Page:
cygwin performance problem

Chris Rapier rapier at
Wed Apr 19 07:09:17 EST 2006

> So, well, maybe setting the buffer size to 20480 would be a useful
> compromise for all OSes?!?

I only looked at 3 buffer sizes. 8k, 20k and 65k.
In each case I ran 20 iterations (I should run 100 really).

The format for the results is low/high/average/median

OS X -> OS X (same subnet)
RAM disk to /dev/null, 200MB file, no compression
100bT network, full duplex, rtt 0.293ms
64k - 8.7/10.5/9.9/10.0
20k - 9.5/10.5/10.2/10.0
8k  - 8.3/10.5/9.8/10.0

Linux -> OS X (different subnets)
disk to /dev/null, 200MB file, no compression
1000bT -> 100bT network, full duplex, rtt 1.2ms

64k - 8.3/10.5/10.1/10.5
20k - 9.1/10.5/10.2/10.5
8k  - 9.1/10.5/10.3/10.5

Linux -> Linux (different subnets (and different than the above))
RAM disk to /dev/null, 200MB file, no compression
1000bT network, full duplex, rtt 0.868ms
64k - 12.5/15.4/13.5/13.3
20k - 15.4/18.2/16.6/16.7
8k  - 18.2/20.0/19.0/18.2

Okay, so I didn't trust that last round of tests so I re-ran them.
64k - 13.3/18.2/14.46/14.3
20k - 15.4/16.7/15.53/15.4
8k  - 18.2/20.0/18.47/18.2

This seemed odd to me so I tried it with another system a bit further 
away. Unfortunately, to get past the impact of the congestion control 
buffer on high BDP links I had to use the HPN patch. So that *may*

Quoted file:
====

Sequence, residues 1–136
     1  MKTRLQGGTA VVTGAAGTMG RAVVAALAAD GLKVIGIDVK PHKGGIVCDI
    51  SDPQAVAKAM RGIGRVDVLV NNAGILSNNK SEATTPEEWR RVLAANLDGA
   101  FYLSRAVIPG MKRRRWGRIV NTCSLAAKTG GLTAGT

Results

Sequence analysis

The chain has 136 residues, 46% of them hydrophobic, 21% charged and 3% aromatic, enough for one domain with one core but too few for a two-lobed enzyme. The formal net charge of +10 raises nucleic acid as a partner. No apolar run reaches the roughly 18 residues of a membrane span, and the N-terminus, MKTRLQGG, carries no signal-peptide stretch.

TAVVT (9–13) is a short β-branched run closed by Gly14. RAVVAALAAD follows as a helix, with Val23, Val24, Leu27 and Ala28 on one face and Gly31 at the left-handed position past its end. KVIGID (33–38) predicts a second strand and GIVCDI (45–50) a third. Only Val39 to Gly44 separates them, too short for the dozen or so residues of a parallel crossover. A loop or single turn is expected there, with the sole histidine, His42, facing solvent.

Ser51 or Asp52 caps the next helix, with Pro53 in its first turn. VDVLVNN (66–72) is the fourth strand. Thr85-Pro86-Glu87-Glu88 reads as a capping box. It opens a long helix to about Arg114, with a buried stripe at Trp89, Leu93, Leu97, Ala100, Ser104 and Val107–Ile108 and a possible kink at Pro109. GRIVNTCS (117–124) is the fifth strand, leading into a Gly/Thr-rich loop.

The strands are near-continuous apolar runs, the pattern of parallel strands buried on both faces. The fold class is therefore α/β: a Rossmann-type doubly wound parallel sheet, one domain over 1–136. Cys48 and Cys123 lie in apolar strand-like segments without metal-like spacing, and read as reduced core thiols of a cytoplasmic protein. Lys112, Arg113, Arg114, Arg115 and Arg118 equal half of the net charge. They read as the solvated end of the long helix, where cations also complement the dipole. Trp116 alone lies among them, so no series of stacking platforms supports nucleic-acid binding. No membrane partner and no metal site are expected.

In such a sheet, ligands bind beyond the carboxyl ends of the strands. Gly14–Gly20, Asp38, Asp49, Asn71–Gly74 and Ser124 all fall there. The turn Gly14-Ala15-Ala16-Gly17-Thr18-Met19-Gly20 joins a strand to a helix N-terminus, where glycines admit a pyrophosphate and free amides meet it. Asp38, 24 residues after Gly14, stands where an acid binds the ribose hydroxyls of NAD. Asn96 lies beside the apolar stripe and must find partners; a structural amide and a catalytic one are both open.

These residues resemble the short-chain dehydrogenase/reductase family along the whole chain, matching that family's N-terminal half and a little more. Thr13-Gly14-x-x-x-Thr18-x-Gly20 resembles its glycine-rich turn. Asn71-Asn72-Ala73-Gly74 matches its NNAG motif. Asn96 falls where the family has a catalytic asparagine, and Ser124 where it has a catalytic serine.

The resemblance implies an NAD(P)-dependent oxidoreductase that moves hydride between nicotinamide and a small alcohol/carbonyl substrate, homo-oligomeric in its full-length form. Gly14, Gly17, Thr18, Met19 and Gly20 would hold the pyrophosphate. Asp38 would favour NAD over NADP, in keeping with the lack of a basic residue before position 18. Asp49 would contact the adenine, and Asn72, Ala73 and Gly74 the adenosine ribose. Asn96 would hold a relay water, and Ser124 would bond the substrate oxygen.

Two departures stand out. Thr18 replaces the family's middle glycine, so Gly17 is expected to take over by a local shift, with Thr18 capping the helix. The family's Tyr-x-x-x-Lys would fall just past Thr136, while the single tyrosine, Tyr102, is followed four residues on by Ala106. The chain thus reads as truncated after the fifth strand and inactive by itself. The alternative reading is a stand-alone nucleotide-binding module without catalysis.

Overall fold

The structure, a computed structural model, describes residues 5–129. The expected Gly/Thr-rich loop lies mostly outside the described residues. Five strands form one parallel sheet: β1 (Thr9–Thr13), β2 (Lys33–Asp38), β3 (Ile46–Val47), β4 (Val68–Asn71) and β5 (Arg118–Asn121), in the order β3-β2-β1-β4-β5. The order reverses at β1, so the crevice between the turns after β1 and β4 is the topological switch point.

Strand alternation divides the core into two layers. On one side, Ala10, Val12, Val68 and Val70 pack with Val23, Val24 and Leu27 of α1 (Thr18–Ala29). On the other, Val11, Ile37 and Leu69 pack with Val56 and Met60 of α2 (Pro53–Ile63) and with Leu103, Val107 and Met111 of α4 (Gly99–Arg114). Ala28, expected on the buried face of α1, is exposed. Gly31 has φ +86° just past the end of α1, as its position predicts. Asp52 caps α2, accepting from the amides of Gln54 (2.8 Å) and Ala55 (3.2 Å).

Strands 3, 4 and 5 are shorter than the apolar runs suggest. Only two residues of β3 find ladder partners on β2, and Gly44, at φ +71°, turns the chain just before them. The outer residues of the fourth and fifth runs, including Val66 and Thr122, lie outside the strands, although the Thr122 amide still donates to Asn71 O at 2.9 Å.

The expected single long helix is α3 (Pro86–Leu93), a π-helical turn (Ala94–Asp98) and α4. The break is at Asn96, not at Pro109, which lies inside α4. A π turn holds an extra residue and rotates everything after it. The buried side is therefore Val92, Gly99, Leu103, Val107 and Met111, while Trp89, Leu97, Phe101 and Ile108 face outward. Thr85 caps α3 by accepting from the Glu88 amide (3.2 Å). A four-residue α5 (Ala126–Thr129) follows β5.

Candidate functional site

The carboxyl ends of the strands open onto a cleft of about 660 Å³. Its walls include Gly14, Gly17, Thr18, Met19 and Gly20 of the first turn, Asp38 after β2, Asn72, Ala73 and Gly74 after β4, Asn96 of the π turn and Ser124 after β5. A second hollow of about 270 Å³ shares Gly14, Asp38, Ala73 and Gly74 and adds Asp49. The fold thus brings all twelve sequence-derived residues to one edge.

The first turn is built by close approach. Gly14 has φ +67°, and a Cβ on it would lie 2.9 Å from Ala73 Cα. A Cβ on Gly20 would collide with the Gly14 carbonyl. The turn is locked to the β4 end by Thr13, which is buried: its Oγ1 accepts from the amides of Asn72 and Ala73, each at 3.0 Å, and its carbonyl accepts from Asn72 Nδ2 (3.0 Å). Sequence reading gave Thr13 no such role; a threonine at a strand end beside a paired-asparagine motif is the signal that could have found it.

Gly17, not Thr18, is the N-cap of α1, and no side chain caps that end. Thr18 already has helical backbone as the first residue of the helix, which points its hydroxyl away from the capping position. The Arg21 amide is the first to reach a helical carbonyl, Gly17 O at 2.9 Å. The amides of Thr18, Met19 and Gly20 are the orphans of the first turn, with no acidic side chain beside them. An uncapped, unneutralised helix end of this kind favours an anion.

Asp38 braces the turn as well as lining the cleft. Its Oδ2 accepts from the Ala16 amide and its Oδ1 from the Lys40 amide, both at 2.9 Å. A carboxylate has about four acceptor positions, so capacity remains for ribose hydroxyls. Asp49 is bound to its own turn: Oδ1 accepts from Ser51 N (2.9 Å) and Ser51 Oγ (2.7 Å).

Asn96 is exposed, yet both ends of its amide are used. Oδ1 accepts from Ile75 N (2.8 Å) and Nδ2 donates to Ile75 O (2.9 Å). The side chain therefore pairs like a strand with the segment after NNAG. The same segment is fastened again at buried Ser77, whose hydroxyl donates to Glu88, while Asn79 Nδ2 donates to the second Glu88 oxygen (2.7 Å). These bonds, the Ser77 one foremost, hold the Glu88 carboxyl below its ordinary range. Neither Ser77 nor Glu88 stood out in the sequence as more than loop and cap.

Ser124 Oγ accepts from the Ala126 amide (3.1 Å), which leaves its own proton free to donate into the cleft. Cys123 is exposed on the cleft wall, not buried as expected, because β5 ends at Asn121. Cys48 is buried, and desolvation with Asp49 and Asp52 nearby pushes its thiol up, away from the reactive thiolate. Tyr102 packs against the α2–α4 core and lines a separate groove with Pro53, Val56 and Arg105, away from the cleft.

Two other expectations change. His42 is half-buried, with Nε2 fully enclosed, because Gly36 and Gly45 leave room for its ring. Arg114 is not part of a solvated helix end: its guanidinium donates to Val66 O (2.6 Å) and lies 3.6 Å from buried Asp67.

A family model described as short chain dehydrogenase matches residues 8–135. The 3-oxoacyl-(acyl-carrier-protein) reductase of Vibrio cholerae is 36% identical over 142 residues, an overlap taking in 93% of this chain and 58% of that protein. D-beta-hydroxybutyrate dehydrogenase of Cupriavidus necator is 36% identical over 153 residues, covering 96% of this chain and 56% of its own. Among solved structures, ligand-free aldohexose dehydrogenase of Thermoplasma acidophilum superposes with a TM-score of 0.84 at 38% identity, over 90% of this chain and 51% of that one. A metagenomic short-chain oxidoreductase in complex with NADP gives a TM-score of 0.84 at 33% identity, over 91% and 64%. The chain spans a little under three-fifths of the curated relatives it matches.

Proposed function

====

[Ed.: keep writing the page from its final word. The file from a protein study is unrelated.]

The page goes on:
influence the change in clientloop.c somewhat.

Linux -> Linux (pittsburgh to colorado)
RAM disk to /dev/null, 200MB file, no compression
155mbps network via Internet2/Abilene, rtt 58.8ms
64k -  5.6/12.5/10.56/10.5
20k -  7.7/12.5/10.60/10.5
8k  - 11.1/11.8/11.59/11.8
      ( 9.5/12.5/10.83/11.1)

I reran the 8k sample to make sure the results for that weren't time 
dependent as the 64k and 20k samples were run around 90 minutes after 
the 8k sample. The rerun sample is in parentheses. At this point I'm 
going to guess that there is statistically no or minimal impact on 
throughput between the different buffer sizes on this network path.

So my conclusions are that switching the buffer in 
client_process_net_input might have, in some conditions with midrange 
rtts on fast networks, end up having an overall negative impact. I'm not 
going to speculate as to why at this point.

If anyone cares I'll rerun the tests with increase sample sizes, some 
more buffer sizes, and get the standard deviation.


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